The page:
Clover, our female Southern pudu, was born in an AZA accredited zoo in the United States. She gave birth to a healthy male pudu in July 2023.
Temperate forests and scrubland
GEOGRAPHIC REGION AND RANGE
Southern Chile and south-western Argentina.
Herbivore – Leaves, fruit, bark, flowers, and seeds
Short reddish-brown fur, males have simple spike antlers, and the young have white spots.
Natural Habitat: 10 years on average
Under Human Care: 15-17 years
Pudu are under threat from habitat destruction from timber and agriculture deforestation, being hunted for food and being taken from the wild to be sold as pets. Over 90% of former pudu habitat in Chile has been lost. Also, loose dogs often hunt and kill pudu and people hunt them for meat. It’s believed there are fewer than 10,000 southern pudu in the wild, and there are less than 200 in zoos around the world.
At 15-30 pounds, the southern pudu is the second smallest deer species! The only smaller species is a close relative, the northern pudu, which only weighs about 7 to 14 pounds!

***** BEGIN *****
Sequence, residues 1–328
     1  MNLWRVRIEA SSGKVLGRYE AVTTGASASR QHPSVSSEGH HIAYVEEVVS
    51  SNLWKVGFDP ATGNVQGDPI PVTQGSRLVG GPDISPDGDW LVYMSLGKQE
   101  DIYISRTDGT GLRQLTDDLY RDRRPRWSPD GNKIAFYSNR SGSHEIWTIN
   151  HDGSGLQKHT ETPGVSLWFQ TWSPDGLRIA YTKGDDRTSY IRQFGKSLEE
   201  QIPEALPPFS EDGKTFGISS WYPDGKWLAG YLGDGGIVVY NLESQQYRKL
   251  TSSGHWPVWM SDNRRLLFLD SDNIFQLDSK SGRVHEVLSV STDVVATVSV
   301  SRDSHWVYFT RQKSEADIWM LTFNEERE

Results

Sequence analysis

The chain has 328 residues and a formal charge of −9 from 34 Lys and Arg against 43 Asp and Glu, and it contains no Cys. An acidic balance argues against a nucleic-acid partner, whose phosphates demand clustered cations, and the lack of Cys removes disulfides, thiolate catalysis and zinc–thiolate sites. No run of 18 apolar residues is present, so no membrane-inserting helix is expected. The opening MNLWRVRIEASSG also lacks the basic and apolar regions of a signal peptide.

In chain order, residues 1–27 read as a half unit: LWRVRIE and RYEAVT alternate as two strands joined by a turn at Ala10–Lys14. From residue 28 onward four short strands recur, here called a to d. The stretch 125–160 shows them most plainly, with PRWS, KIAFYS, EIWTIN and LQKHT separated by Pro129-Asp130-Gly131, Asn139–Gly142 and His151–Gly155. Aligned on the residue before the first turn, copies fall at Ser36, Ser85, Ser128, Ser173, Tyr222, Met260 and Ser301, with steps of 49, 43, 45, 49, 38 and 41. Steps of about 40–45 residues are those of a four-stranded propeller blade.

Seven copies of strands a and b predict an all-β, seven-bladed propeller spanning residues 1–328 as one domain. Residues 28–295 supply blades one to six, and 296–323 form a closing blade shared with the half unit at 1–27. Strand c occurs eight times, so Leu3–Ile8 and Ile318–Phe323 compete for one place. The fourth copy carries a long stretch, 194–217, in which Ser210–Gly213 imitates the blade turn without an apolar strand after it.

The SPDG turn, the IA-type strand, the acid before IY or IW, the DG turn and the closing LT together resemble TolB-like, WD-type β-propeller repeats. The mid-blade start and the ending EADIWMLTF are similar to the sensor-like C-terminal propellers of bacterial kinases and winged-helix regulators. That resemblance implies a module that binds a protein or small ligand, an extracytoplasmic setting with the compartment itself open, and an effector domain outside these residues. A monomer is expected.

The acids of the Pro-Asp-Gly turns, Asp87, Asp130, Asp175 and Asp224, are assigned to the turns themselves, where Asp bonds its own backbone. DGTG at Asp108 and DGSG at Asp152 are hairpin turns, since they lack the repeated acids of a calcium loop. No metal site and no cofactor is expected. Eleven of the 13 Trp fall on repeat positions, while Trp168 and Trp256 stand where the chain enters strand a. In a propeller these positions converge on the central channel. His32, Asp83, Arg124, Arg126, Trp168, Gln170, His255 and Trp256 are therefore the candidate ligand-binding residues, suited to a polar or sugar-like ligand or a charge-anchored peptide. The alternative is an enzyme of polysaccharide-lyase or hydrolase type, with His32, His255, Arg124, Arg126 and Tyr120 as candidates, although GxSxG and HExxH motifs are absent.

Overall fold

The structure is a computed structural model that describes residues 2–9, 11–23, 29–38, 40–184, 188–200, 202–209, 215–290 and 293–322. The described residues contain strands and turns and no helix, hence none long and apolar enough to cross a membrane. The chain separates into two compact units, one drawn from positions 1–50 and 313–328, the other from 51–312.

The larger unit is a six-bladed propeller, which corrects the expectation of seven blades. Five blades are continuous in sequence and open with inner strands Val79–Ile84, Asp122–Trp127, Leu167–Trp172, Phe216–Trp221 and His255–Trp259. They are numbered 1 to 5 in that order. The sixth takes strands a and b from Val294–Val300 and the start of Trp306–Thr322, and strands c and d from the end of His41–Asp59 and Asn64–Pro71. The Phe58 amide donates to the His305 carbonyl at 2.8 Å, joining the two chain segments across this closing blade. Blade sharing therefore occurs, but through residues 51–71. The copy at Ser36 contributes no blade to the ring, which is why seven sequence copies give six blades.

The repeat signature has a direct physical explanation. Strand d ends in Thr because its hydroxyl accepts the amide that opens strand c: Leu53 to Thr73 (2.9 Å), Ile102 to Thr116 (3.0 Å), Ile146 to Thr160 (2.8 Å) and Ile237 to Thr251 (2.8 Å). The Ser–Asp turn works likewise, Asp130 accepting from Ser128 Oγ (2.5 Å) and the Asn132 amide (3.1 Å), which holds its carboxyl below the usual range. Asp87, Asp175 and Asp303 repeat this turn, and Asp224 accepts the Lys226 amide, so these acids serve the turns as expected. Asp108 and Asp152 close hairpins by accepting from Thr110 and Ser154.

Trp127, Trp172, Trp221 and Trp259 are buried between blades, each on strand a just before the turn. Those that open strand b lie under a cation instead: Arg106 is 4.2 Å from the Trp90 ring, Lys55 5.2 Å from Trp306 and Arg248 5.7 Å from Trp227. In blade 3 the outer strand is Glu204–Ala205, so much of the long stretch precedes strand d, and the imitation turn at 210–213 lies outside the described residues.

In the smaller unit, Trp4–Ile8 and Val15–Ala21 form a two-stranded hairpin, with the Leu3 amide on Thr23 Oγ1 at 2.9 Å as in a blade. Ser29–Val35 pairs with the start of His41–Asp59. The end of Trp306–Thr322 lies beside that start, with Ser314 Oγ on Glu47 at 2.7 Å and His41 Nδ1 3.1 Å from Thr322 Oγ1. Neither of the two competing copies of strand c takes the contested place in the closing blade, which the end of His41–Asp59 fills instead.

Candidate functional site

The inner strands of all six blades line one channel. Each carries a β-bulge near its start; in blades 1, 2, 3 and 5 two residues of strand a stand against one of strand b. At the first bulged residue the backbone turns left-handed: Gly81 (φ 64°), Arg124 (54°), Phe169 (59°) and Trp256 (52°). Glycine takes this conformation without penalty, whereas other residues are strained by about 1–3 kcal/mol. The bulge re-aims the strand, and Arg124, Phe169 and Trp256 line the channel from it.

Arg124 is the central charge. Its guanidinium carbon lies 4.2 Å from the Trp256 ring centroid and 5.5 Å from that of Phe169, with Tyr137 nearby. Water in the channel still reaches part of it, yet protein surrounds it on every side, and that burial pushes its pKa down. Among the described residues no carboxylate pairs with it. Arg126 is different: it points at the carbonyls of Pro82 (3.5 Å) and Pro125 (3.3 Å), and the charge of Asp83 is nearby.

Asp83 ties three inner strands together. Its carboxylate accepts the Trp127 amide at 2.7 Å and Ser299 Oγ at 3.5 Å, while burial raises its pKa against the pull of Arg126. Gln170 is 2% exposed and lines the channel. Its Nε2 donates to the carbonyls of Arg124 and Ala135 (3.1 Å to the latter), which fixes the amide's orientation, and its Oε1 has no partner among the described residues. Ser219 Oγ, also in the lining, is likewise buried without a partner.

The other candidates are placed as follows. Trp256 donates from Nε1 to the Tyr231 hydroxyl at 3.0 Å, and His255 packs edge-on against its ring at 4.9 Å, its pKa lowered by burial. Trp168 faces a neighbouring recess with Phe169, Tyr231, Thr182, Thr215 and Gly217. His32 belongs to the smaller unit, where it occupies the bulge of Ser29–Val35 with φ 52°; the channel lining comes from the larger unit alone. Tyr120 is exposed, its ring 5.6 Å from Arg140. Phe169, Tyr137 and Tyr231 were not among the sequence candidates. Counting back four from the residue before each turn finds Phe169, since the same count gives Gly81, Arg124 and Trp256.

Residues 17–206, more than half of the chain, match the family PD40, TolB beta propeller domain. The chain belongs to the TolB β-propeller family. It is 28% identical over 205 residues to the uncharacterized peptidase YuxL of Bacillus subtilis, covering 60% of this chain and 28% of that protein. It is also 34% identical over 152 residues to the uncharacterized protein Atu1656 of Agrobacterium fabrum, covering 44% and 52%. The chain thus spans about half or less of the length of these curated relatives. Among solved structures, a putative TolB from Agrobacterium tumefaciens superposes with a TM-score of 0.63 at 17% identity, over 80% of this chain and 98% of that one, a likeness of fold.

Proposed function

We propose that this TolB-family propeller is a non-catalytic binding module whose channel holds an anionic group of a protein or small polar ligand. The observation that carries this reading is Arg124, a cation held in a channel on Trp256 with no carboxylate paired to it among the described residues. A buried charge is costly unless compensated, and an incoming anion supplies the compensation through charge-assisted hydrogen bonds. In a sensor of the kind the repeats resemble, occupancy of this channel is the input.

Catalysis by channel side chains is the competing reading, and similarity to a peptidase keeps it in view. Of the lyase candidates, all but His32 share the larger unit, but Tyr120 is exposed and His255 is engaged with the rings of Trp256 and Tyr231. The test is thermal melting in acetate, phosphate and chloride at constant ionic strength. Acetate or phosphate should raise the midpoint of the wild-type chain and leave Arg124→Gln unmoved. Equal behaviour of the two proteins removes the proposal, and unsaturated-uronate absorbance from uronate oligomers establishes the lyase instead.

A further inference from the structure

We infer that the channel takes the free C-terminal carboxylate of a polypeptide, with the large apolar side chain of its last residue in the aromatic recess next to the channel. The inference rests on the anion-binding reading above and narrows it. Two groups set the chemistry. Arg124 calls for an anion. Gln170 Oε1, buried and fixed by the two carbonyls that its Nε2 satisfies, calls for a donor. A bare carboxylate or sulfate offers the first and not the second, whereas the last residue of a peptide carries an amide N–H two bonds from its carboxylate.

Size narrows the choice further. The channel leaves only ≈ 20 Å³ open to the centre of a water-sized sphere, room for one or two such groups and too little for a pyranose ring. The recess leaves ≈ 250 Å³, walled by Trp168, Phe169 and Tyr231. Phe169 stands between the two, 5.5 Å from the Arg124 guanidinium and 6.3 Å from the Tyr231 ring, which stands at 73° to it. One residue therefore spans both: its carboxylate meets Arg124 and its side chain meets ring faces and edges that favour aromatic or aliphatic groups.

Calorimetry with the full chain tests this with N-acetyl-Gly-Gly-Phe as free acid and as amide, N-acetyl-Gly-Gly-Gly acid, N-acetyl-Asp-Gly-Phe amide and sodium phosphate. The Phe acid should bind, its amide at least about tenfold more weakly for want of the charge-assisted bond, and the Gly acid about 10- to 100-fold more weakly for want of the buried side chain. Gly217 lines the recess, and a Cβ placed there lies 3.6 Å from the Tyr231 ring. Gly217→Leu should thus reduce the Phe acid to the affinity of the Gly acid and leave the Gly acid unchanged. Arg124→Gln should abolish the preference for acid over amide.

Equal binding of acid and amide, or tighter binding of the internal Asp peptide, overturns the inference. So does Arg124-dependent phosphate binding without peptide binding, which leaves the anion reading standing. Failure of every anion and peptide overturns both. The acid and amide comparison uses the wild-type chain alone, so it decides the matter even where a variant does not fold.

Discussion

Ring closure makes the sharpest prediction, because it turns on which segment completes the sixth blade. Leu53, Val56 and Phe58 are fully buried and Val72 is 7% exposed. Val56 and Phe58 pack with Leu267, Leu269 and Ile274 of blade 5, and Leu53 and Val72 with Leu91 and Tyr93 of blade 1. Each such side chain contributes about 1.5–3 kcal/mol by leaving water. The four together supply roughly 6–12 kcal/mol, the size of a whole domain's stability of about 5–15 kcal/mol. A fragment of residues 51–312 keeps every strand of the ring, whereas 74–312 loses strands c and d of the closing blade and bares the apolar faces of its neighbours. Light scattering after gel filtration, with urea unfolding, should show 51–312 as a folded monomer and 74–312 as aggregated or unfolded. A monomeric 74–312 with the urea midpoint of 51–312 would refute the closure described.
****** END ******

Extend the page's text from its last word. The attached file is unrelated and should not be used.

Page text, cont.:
Like other deer, male southern pudu will grow and shed their antlers every year. These antlers grow to be about 3 inches long.
Like many deer, southern pudu fawns have white spots when they are born, but they fade after a few months.
What are AZA Zoos doing for Southern Pudu?
Their zoo population is managed through conservation breeding programs called Species Survival Plan programs, which ensures genetic diversity and species health. While southern pudu are not currently endangered, they do face some threats in their natural habitats which include the loss of their habitat due to logging and agriculture, and poaching for the pet trade. AZA zoos are working to maintain a long-term, genetically valuable population of southern pudu through their SSP program.